With the decision made to change destination and head to Beaufort, NC and try to get in before the weather changed our focus was all on boat speed. While we had wind we constantly trimmed sails and adjusted our sail plan, in and out went reefs, up and down went the kite and when needs be on and off went the engine. Our eyes were constantly glued to our instruments and the magic number of VMG. This new focus showed daily as we reported our position and daily runs to our weather router. Never had we focused so hard on boat speed and it was paying off.

After a few days of having this new focus we were pretty happy that we’d make it to Beaufort before the shocking weather was due to batter us. We were slowly getting ahead of schedule and getting to the point whereby if the wind had completely died we’d be able to motor to the safety of harbour. Before however we could get into harbour we had to work out our strategy for crossing of the Gulf Stream. This is a massive warm body of water that could threaten to sweep us north past our destination and straight into the weather we’d been working hard to avoid.

With the boat speed being maintained at a new all time high life onboard Ruffian continued. We were very much into living in shifts and sleeping in 3 hour snatches. We’d take turns in cooking and cleaning whilst off-watch and Ruffian was running like clockwork. With cooking duties in the hands of Iain one evening he took to ‘modifying’ and ‘improving’ the left over savoury mince that Fiona had cooked the day before. He took to turning this into chilli with a twist. The twist was that he massively underestimated the power of ginger and created a pot of the most bizarre chilli ginger tomato mince with a splattering of sweet potato that man has ever created. Never again will Fiona let the words ginger and mince be used in the same sentence.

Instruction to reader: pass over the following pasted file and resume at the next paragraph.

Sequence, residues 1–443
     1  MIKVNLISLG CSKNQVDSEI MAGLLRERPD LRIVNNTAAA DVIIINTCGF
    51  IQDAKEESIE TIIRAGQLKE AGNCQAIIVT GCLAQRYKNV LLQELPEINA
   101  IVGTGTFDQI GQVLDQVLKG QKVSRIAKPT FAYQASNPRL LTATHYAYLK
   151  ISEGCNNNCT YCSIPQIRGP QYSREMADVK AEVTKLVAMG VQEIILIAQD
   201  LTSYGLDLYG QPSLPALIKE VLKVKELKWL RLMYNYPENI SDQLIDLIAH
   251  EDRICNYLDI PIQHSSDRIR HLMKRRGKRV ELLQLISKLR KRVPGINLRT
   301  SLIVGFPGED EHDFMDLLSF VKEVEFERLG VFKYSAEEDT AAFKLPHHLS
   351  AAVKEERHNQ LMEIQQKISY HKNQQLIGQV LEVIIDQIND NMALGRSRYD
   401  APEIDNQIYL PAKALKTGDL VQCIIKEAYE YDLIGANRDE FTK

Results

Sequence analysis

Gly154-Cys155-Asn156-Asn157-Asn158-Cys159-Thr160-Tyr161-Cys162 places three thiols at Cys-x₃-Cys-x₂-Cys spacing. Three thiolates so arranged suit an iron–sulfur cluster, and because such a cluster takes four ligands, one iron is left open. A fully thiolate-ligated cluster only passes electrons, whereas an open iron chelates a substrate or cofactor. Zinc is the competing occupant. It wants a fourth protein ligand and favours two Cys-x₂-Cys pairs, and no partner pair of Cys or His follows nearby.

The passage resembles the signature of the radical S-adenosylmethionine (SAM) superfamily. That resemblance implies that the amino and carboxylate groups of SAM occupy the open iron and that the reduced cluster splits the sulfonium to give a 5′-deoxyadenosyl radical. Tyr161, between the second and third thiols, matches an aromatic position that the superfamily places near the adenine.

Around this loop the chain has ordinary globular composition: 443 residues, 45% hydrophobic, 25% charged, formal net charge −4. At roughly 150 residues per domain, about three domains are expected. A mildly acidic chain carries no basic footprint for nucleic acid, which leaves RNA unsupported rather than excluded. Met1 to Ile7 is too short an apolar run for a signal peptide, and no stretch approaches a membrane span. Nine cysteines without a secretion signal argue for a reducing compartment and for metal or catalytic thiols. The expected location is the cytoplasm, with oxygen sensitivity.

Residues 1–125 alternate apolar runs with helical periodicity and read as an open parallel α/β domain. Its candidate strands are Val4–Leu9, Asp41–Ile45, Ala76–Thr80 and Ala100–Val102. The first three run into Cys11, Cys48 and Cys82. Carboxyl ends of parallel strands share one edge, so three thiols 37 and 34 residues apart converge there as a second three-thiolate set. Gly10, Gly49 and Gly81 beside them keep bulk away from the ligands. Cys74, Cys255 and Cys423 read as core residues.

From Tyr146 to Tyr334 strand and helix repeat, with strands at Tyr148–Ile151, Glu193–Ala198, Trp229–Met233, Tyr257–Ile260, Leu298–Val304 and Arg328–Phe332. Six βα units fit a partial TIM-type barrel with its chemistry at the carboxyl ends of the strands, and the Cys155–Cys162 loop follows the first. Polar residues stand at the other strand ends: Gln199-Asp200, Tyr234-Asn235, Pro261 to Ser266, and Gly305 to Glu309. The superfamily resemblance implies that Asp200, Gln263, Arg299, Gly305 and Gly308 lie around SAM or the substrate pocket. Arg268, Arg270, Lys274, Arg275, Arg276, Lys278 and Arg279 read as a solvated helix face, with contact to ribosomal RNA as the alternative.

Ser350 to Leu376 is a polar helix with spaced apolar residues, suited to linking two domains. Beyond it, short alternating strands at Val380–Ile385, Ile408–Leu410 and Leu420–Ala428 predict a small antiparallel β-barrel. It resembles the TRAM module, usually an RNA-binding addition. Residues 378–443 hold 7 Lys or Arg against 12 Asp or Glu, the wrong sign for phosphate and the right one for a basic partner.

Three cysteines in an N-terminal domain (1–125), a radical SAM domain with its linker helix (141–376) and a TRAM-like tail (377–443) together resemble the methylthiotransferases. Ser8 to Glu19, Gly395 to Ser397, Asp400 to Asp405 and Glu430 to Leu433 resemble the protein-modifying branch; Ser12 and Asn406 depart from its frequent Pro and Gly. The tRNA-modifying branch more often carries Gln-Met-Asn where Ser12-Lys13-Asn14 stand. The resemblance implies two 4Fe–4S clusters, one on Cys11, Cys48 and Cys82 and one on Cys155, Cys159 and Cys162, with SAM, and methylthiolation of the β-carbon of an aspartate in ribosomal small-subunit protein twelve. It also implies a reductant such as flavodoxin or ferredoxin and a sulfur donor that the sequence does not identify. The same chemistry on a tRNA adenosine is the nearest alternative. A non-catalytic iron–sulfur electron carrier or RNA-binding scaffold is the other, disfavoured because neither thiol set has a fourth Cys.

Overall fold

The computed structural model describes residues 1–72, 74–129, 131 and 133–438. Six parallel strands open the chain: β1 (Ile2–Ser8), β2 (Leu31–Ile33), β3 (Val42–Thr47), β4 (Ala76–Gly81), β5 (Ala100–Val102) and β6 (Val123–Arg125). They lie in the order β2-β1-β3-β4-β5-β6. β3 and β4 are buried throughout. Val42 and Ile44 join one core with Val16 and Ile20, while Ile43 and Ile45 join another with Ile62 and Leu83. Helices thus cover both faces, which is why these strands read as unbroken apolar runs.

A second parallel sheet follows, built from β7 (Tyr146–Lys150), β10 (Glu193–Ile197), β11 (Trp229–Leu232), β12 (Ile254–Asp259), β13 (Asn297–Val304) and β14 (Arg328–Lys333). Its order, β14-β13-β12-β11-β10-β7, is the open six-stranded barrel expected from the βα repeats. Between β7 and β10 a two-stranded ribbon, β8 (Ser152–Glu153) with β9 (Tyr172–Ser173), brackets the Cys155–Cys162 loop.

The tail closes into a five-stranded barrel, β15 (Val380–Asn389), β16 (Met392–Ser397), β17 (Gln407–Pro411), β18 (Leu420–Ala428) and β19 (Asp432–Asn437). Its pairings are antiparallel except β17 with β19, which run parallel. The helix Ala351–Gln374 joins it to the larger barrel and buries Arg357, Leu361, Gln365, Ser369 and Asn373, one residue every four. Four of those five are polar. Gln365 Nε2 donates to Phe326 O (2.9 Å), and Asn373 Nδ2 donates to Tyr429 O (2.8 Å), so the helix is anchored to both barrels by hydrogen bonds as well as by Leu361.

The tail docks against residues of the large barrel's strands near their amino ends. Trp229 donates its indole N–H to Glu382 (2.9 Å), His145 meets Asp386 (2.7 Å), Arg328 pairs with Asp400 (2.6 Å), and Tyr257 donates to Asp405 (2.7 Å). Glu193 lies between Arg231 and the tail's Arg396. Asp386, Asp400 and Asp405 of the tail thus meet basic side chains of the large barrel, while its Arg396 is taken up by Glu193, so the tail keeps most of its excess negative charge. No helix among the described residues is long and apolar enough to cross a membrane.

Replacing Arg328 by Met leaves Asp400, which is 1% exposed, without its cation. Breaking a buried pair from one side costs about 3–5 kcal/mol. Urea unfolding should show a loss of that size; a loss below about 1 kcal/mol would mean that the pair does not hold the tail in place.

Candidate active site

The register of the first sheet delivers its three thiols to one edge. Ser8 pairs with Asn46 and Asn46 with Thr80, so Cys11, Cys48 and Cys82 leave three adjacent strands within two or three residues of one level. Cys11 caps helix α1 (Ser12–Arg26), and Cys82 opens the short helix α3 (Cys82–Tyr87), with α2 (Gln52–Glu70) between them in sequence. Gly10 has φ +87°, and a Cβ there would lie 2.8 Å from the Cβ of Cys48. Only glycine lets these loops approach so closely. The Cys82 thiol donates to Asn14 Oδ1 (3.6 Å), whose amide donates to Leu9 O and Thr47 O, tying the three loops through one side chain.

The instruments were slowly counting down the miles to go Beaufort and its associated ETA, we’d had a blistering days sail and it looked like we’d be getting into Beaufort in the early hours of the morning and with a slowly building tide sweeping us into safety. Someone was clearly smiling on Ruffian. All we had to do now was get across the Gulf Stream.

Our weather router had given us a proposed track to cross this piece of water but it meant that we’d be giving away valuable sea room, we’d also then have to fetch along the edge of a shallow bank of water that runs for miles offshore, before turning north again. We felt that the most seamanlike thing to do would be to take a route further south; this would be slower but at least if it all went wrong we’d not find ourselves washed up on the rocks. Sounded like a great plan.

We entered the Gulf Stream at a point where it’s about 120 miles wide and all was looking good. Our ETA was still in the morning and the weather was fair. As the evening drew into night things deteriorated from fair to moderate, moderate to rough and then from rough to scary. The problem with the Gulf Stream is that the water warms the air and this then rises. As this hot air rises it hits cold air falling and this is the perfect recipe for thunder storms. We were treated to thunder storm after thunderstorm where the rain was so torrential that we couldn’t even see the compasses let alone the instruments.